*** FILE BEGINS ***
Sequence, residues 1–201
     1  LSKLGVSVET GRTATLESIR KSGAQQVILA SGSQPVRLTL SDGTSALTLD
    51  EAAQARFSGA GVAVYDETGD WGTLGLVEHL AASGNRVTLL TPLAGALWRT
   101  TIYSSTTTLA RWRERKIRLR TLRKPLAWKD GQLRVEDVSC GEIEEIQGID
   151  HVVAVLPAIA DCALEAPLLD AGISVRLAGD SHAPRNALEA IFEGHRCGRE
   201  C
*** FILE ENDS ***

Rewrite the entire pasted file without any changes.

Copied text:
Sequence, residues 1–201
     1  LSKLGVSVET GRTATLESIR KSGAQQVILA SGSQPVRLTL SDGTSALTLD
    51  EAAQARFSGA GVAVYDETGD WGTLGLVEHL AASGNRVTLL TPLAGALWRT
   101  TIYSSTTTLA RWRERKIRLR TLRKPLAWKD GQLRVEDVSC GEIEEIQGID
   151  HVVAVLPAIA DCALEAPLLD AGISVRLAGD SHAPRNALEA IFEGHRCGRE
   201  C